- So decided that my felinoids' swords have a very shallow fuller, but it's near the cutting edge, and takes the form of a Granton edge, only they call it a scalloped-hollow edge. It not only slightly reduces the weight, it reduces sticking when, for instance, slicing through meat. And, uh, swords do a lot of slicing through meat, you know?
- If you needed another reason to hate the Battlestar Galactica reboot, how about the fact they apparently decided who was a Cylon at random? This isn't me, this is a real thing—they didn't have anyone established as a Cylon from the get-go, they decided 'em as they went along. C'mon, guys, at least make a list of possible Cylons, and decide that as you go. Don't just randomly have the first officer, who served alongside Adama in the first war, be one (that is not a spoiler, you cannot spoil something that has maggots in it when "fresh", and Galactica makes casu marzu look like irradiated milk).
Nobody's asking that you be J. Michael Straczynski, just, y' know, try and make sense. Apparently even that was too hard for them. Ron Moore is, in essence, another way to say "Rick Sloane".
- Some crazy Browncoats have a petition to help Nathan Fillion buy the rights to Firefly, and then reboot it. And some of them have pointed out, Family Guy got rebooted. And Firefly is better than it is. Even I must concede that.
However, Firefly does not have the built-in Comedy Central/Adult Swim dumbass audience that Family Guy does. It does not appeal to stupid drunken/stoned college students. All its sins on its head, it does require more sustained attention than the 4-minute, maximum, gags in Family Guy—and if you take out the "this gag taking so long is the only funny thing about it" gags, Family Guy gags are more like 2 minutes, max. So I doubt a rebooted Firefly would be much more successful than the last run, even if rebooted Firefly didn't suck just as bad as rebooted Futurama did, which is by no means certain (and pre-reboot Futurama was better than Firefly, sorry).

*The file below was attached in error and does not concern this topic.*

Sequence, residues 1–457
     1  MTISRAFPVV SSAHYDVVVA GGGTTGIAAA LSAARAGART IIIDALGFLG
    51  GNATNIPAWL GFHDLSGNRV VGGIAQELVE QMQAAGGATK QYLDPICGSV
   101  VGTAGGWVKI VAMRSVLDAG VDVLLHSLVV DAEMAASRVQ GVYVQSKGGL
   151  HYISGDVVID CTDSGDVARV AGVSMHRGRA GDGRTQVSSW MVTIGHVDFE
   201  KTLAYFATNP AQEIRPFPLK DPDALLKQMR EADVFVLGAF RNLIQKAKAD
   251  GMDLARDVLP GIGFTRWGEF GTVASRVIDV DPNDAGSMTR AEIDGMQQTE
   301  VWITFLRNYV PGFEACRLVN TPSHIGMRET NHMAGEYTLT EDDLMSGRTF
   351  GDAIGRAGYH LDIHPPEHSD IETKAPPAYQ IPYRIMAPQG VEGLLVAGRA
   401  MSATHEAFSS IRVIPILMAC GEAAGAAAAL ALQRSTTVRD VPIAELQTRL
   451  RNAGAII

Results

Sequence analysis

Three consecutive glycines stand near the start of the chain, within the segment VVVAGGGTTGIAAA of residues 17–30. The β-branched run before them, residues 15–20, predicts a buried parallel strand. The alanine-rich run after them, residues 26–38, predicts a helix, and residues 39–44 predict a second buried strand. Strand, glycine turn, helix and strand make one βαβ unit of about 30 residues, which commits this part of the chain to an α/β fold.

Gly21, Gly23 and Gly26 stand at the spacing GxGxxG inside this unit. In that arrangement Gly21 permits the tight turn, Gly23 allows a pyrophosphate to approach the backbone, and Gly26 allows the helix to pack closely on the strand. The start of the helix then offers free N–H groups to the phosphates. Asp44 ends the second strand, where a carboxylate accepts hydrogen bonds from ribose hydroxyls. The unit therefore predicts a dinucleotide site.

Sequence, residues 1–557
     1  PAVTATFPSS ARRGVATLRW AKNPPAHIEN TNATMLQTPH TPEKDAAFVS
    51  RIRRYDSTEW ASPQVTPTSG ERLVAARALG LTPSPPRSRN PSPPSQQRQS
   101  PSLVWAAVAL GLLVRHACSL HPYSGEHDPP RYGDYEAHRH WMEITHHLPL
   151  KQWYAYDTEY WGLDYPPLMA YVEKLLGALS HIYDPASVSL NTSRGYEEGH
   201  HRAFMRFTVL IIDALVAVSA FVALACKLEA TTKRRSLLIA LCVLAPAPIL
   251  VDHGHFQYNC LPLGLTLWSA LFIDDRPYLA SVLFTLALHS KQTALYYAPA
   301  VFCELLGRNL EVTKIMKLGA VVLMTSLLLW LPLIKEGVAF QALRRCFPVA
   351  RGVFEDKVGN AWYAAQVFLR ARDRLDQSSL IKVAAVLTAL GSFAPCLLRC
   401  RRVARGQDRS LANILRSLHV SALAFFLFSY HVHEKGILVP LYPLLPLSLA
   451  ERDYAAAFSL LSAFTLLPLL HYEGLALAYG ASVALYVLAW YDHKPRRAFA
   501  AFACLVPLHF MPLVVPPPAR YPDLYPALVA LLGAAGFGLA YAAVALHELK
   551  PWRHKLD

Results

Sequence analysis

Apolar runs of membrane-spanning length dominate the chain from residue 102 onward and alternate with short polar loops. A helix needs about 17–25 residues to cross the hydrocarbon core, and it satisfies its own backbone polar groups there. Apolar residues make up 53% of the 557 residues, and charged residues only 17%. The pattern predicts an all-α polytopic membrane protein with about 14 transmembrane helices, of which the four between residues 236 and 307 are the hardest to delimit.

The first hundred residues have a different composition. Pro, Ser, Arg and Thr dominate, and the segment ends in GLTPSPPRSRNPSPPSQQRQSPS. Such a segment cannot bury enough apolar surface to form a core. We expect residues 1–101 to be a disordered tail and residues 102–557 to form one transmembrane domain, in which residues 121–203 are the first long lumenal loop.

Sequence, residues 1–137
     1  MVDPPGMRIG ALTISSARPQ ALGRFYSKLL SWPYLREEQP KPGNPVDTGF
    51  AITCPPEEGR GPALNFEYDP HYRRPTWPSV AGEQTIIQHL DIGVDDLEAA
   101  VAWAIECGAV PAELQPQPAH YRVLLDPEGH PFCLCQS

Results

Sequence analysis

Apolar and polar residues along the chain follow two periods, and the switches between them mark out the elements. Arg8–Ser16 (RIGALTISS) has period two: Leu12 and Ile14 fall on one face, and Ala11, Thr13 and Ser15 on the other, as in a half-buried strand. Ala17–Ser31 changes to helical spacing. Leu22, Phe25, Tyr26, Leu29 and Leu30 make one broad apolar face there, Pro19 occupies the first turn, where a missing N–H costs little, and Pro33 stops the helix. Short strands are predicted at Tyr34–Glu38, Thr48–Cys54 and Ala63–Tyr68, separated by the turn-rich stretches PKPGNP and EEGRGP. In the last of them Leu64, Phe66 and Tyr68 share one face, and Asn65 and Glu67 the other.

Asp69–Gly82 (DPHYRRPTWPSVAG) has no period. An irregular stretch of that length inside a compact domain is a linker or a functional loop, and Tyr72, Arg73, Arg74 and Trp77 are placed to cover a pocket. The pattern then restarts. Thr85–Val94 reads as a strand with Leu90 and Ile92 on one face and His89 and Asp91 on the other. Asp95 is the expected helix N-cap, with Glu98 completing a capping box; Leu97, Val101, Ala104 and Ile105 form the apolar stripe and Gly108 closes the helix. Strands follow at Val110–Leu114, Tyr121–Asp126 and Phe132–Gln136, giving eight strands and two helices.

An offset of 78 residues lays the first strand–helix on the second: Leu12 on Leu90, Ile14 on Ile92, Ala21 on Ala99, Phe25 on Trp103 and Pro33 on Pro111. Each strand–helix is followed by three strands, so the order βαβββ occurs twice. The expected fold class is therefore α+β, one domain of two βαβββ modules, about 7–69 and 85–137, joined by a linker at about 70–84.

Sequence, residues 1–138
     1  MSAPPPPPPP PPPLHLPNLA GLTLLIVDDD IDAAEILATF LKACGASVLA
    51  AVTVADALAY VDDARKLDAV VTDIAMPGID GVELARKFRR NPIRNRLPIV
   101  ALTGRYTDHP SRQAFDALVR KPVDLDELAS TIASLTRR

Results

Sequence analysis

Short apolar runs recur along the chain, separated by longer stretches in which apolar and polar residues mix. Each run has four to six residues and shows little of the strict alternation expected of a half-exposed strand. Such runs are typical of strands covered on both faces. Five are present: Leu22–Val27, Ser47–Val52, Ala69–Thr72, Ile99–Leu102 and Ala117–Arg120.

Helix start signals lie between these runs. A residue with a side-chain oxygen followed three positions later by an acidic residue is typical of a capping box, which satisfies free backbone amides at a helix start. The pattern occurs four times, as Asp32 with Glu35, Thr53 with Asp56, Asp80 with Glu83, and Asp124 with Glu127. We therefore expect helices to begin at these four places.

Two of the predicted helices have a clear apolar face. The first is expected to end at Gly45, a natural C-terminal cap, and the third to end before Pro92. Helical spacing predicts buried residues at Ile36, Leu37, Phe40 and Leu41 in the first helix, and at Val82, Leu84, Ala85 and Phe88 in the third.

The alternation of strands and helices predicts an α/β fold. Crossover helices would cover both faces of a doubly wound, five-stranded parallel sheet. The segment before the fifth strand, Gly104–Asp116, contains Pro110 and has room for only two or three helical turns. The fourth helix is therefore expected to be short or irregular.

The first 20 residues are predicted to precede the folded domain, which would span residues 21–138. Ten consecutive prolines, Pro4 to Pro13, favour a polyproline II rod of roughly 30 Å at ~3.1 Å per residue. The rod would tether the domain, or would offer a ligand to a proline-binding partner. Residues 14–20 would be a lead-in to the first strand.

- You know that thing, 'tis a theme in Firefly (along with the usual Whedon tics), because the other head writer was a Libertarian? "People don't like to be meddled with"? Yeah, they also prefer not to be raped and murdered, and that's what a remarkable proportion of the human race goes in for, you don't meddle with 'em.
People always say Rousseau was naïve (though they demonstrably have never read him), but he at least knows to start with the question, "Even assuming the original, innocent, 'noble savage' [not, by the way, a concept he particularly emphasizes], why did people ever decide to abandon the State of Nature for the state and the Social Contract?" The need to meddle with the people who go in for rape and murder is the answer to that question, kiddies.
- Turns out, those mystery anime plots aren't that far-fetched after all. The Glico-Morinaga Case, perpetrated by someone, or a group thereof, calling himself, or themselves, The Monster with 21 Faces, really happened.
Because if there was ever a country where criminals might concoct pointlessly elaborate plots, and actually pull them off, it's Japan.
Post 343. I'm sure you're almost too shocked for words that I named it that.